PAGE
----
Ethics of Facebook to be Explored at Cal Poly on May 13
SAN LUIS OBISPO, CA—April 6, 2011—The Ethics + Emerging Sciences Group at Cal Poly today announced the next talk in its Technology, Policy & Ethics Lecture Series. Dr. Anthony F. Beavers—philosophy and cognitive scientist at University of Evansville in Indiana—will deliver an invited lecture entitled “Facebook Revisited: How the Business of Social Networking May Redefine Our Sense of Right and Wrong” on Friday, May 13, 1:00-2:30p in Building 06-124 (Philips Hall) at Cal Poly.
At around 700 million members, Facebook is the largest social science dataset ever collected—helping it to acquire a great deal of social and political power in a very short time, both in terms of profiling users and steering public opinion. For instance, within the last year, Facebook started directing more traffic than Google and, on some reports, accounted for 12% of all internet activity.
Given that Facebook executives are aware of the site’s growing power, Dr. Beavers will explore what the company intends to, or can, do with it. From the user’s perspective, Facebook is just a site for connecting with friends, “friends”, and family. But what else is going on, particularly with respect to our values?
Two years ago, Dr. Beavers gave a talk at Cal Poly on the virtues of Facebook. This talk will revisit and reassess the themes raised earlier and consider the vices that Facebook has acquired after two years of accelerated growth. Some of the worries continuing to surround Facebook include privacy violations, redefinition of friendship, its influence on which relationships bloom, loss of life-memories, and other concerns.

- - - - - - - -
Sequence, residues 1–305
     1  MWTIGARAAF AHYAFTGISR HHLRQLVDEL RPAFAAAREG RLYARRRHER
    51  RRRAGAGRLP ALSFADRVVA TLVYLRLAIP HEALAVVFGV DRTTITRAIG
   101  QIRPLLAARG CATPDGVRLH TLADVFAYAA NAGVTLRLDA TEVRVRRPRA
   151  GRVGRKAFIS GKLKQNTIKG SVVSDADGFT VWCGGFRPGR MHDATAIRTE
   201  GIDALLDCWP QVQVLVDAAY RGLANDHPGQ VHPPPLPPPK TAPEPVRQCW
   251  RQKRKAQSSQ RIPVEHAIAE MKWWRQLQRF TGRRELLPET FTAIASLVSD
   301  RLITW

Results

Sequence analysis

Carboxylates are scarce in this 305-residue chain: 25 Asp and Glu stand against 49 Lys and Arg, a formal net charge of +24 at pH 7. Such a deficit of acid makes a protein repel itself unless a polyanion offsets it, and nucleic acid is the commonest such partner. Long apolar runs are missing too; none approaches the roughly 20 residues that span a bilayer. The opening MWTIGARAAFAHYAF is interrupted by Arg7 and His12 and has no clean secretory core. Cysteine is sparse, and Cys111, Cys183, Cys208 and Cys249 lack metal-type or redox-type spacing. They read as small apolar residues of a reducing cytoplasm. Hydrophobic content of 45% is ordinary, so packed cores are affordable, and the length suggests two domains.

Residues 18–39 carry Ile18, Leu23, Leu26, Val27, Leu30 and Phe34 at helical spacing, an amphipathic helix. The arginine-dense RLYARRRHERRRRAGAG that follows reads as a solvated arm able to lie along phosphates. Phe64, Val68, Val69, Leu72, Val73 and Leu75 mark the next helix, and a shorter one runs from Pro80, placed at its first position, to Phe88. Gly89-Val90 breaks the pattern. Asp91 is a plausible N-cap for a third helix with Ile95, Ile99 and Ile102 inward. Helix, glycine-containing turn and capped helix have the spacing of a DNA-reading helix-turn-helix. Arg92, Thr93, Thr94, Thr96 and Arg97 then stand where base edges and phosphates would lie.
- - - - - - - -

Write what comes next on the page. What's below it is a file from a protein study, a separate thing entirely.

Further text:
Dr. Tony Beavers is Professor of Philosophy, Director of Cognitive Science, and Director of the Digital Humanities Laboratory at the University of Evansville. He is the President of the International Association for Computing and Philosophy and currently serves on the organizing committees for several conferences, institutes and symposia dedicated to computer modeling, network analysis and the philosophical aspects of computing. His publications range from social and political issues involved with computing and robotics to formal papers on the philosophy of computation and the history and philosophy of information technology.
Sponsored by Cal Poly’s College of Liberal Arts and its Philosophy Department, the talk is free and open to the public.
Patrick Lin, Ph.D., Director
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